War chest: Phoenix boss Andy Briggs says the firm has £1billion to spend on acquisitions
Some have called it the Big Lie-Down, others the Great Retirement. Whatever the catchphrase, since the pandemic there has been an increase in ‘economic inactivity’ – the term to describe people who are not included in the unemployment figures but who are not working either, including thousands of over-50s.
The phenomenon is doing so much harm to the economy that in the Budget, the Chancellor announced a review into why so many Britons are shunning work.
Ask Andy Briggs, the chief executive of pensions giant Phoenix, if people should think twice before retiring early and the answer is unequivocal. ‘Absolutely,’ he says. He believes many underestimate how much money they really need.
‘Our research is telling us that well over half the people in the UK are not doing enough for a reasonable standard of living in retirement. This is a decent house, decent food, warmth – not a life of luxury.’
He anticipates a wave of ‘unretirement’, due to the cost-of-living crisis.
‘I do expect the increase in early retirement to reverse. Two things lead to a better later life: saving more and having the choice of working longer in good quality employment.
‘Given the lack of understanding of what income people need in retirement, there will undoubtedly be a significant number who thought they could afford to retire and can’t.’
Persuading people to work for longer is not only good for them, but also good for the economy according to Briggs, who, in addition to his day job, is the Government’s business champion for older workers. That might not cut much ice with those who can’t wait to put their feet up, though he is referring to fulfilling activity, not soul-destroying toil. A ‘Silver army’ of over-50s could help put UK plc back on the track to growth, he argues.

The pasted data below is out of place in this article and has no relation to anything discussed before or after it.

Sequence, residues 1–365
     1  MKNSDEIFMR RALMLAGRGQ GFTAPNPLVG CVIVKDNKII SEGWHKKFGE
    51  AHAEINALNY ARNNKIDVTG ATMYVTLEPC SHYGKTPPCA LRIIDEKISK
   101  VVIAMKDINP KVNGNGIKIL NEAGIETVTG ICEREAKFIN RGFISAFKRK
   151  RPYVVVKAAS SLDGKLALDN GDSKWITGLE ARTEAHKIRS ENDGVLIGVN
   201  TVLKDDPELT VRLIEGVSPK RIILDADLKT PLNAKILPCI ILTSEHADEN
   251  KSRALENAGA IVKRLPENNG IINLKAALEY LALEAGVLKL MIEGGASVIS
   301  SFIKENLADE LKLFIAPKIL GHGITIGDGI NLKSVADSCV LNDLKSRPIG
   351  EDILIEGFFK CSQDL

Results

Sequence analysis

‘We have a huge untapped pool of potential there. If someone is over 50, doesn’t want to work and has the wherewithal not to, my attitude is, ‘Good luck to them.’ But so many get a huge physical and mental benefit from good work.’
The exodus of over-50s is contributing to an acute labour shortage, which in turn is driving up inflation as employers are forced to pay higher wages to recruit the staff they need.
Urgent action is needed to reverse the trend, he says. Ageism needs to be tackled in the workplace along with help for those with caring responsibilities.
Phoenix offers employees ten days a year paid carer’s leave and trains male staff to support female colleagues through menopause.
Chief executive of Phoenix since 2020, he has spent three decades in the insurance industry.
The company originally specialised in buying up ‘closed books’ of pensions and savings products that were in run-off. This used to be dubbed zombie business, but is now more respectfully referred to as ‘heritage’. The idea is that a new owner can run the old policies more efficiently, reduce costs and improve returns, leading to a win-win where customers benefit and the company makes a profit.
Of course, it hasn’t always worked in practice and some people dislike the ‘pass the parcel’ element of taking out a policy with one company then seeing it handed to another.